As medical researchers and engineers try to shrink diagnostics to fit in a person's pocket, one question is how to easily move and mix small samples of liquid. University of Washington researchers have built and patented a surface that, when shaken, moves drops along certain paths to conduct medical or environmental tests.
The best doctors strive to relieve their patients' burdens. A physician in Houston asked Rice University students to help him do so in the most literal way. A team of bioengineering seniors built a prototype device to literally lift the weight from obese patients who, while undergoing surgical procedures, might otherwise have trouble breathing.
A pill that has long been used to treat HIV has moved one step closer to becoming the first drug approved to prevent healthy people from becoming infected with the virus that causes AIDS. The Food and Drug Administration said Tuesday that Gilead Sciences' Truvada appears to be safe and effective for HIV prevention.
As valuable as X-ray mammography is, it has certain drawbacks, such as exposure to ionizing radiation and the potential for false results. In the first phase of clinical testing is a new imaging device built around the principle of photoacoustics, or light-induced sound, that can detect and visualize breast tumors with a high degree of targetting accuracy.
One exhale and a new device from researchers at Stony Brook University in New York could screen for anything from diabetes to lung cancer. Based on a sensor chip built from electrospun nanowires that can detect minute amounts of chemical compounds, the device has yet to reach clinical trials. But its inventors anticipate the device to someday cost only $20.
An interdisciplinary team of engineers at the University of Arkansas has developed a wireless health-monitoring system that gathers critical patient information, regardless of the patient's location, and communicates that information in real time to a physician, hospital, or the patient herself.
Online crowd-sourcing—in which a task is presented to the public, who respond, for free, with various solutions and suggestions—has been used to evaluate potential consumer products, develop software algorithms, and solve vexing research and development challenges. But diagnosing infectious diseases?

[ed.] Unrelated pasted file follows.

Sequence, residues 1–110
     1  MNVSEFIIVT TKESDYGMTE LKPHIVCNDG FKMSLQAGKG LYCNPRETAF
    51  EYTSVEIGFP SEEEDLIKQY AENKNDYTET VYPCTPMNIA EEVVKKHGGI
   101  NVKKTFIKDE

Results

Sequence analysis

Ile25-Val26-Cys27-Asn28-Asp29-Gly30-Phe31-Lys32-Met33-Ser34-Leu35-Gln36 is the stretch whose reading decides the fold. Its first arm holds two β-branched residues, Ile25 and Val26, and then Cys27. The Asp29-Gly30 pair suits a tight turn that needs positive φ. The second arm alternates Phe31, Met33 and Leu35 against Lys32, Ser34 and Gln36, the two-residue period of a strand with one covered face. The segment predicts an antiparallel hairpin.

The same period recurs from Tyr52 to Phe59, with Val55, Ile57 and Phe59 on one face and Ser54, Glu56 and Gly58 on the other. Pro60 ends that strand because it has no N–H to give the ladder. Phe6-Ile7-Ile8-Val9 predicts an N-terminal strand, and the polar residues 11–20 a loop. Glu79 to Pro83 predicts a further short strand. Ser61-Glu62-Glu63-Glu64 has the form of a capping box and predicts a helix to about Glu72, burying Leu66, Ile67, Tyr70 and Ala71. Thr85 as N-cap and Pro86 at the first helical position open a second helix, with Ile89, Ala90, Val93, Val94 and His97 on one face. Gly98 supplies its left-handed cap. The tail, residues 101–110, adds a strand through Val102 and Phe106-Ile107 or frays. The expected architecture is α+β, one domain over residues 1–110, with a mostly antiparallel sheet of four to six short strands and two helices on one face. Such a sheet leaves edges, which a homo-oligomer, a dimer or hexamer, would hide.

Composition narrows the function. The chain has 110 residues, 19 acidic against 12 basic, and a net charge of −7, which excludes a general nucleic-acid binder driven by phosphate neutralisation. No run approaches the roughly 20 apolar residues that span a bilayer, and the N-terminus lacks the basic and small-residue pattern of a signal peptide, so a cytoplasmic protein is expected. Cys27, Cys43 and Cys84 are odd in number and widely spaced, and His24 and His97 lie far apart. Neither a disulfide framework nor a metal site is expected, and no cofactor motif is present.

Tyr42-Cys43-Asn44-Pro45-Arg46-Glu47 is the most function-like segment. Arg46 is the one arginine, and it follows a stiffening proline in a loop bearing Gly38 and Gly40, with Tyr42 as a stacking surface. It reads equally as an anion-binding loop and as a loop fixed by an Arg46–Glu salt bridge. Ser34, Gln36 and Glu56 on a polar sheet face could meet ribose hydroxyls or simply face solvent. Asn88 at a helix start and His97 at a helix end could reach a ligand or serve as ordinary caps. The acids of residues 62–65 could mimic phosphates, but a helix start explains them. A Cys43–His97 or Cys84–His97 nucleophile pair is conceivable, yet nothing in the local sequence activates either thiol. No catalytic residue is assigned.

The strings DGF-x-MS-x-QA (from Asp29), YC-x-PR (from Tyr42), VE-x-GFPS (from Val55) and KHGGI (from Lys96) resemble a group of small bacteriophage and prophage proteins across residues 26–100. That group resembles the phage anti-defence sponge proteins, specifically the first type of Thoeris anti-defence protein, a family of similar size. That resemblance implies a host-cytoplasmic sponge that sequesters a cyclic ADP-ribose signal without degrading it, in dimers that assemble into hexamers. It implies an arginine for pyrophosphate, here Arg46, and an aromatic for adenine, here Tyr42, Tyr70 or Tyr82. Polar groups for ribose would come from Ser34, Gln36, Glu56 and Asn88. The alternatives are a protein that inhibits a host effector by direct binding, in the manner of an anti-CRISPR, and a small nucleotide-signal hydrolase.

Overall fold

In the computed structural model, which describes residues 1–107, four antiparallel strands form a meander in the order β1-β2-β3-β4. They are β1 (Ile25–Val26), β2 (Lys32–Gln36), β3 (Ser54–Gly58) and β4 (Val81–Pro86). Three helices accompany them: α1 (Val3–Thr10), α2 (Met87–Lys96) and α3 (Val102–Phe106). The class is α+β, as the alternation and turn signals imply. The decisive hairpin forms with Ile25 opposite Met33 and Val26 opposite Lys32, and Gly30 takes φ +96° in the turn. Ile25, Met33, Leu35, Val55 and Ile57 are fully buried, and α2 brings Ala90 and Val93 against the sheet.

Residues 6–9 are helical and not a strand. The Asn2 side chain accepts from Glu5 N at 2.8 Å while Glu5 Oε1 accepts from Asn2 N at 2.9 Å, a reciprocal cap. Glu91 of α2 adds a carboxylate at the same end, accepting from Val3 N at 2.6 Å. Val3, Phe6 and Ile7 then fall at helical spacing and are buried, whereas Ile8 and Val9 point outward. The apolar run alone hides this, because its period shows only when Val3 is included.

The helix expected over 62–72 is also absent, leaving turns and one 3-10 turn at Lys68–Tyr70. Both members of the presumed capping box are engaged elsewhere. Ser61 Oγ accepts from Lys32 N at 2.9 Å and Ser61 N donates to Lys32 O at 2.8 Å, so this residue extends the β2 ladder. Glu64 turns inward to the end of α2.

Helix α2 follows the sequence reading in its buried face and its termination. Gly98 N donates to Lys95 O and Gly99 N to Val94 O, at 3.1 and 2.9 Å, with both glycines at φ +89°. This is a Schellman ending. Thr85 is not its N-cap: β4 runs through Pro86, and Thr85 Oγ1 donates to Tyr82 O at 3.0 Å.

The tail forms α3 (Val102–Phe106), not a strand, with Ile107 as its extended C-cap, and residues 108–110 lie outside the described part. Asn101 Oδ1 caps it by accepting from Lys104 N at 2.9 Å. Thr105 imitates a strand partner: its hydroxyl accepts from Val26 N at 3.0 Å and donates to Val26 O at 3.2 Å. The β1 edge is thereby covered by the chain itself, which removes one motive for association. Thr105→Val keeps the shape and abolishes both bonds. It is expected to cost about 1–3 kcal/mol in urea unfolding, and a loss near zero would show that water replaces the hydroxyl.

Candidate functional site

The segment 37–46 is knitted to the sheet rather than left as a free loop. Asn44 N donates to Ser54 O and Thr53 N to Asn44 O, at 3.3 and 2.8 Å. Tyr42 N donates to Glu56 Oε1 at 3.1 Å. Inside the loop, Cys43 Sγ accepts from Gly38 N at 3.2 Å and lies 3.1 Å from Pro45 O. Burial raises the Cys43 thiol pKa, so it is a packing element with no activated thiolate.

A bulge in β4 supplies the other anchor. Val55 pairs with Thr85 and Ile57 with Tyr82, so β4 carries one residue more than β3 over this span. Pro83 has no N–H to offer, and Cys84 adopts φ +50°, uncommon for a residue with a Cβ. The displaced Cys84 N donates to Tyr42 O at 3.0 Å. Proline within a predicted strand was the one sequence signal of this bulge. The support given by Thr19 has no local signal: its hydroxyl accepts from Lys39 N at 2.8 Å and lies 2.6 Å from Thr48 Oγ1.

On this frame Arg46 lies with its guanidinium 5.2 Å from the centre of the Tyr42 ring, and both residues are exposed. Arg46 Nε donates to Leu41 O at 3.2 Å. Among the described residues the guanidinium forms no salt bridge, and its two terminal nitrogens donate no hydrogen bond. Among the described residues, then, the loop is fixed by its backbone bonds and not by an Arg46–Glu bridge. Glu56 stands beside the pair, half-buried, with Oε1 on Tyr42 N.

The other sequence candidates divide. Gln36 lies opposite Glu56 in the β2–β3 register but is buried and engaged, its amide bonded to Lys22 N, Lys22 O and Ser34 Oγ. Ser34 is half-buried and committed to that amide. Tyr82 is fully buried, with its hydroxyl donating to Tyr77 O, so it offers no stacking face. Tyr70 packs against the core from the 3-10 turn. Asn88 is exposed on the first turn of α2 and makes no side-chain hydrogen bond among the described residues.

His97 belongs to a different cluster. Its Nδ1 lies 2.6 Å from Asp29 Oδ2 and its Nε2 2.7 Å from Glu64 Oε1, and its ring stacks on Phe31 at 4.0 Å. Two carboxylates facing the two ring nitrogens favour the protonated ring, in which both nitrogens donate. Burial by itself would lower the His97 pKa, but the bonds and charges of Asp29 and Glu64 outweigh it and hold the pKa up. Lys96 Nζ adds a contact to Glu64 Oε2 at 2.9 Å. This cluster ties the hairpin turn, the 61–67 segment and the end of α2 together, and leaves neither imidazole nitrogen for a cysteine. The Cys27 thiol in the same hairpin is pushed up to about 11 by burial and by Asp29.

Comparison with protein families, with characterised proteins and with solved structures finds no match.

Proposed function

Heart-failure patients may someday get a life-saving charge from technology developed by students at Rice University. A team of seniors designed and built a transcutaneous energy-transfer unit to power a minimally invasive ventricular assist device being created by a Houston company.
Researchers have taken advantage of cells' physical properties to develop a new instrument that slams cells against a wall of fluid and quickly analyzes the physical response, allowing for the identification of cancer and other cell states without expensive chemical tags.
Frustrated by the flimsy, disposable construction of typical trauma shears, Scott Forman, an emergency room physician, teamed up with Sandia National Laboratories engineer Mark Reece to design a better tool. The result is a shear that handle tough materials like Kevlar without having to be thrown away afterward. And it has a few other cool features as well.
Using game theory and market dynamices, Harvard University economist Alvin Roth has helped develop a suite of computer programs that match living kidney donors with recipients. The software comprehensively addresses the common limitations of this complicated process, matching participants with compatible blood types and antibodies.
Development of new therapies for a range of medical conditions, including sports injuries and heart attacks, could depend on a new production-scale microthread extruder developed by a team of graduate students and biomedical engineering faculty at Worcester Polytechnic Institute. The microthreads would support tissue regeneration, wound healing, and cell therapy.
With the development of synchrotron infrared spectroscopy, scientists at Lawrence Berkeley National Laboratory have observed, in real time the process of protein phosphorylation—a chemical interaction that controls everything from cell proliferation to differentiation to metabolism—in living cells stimulated by nerve growth factor.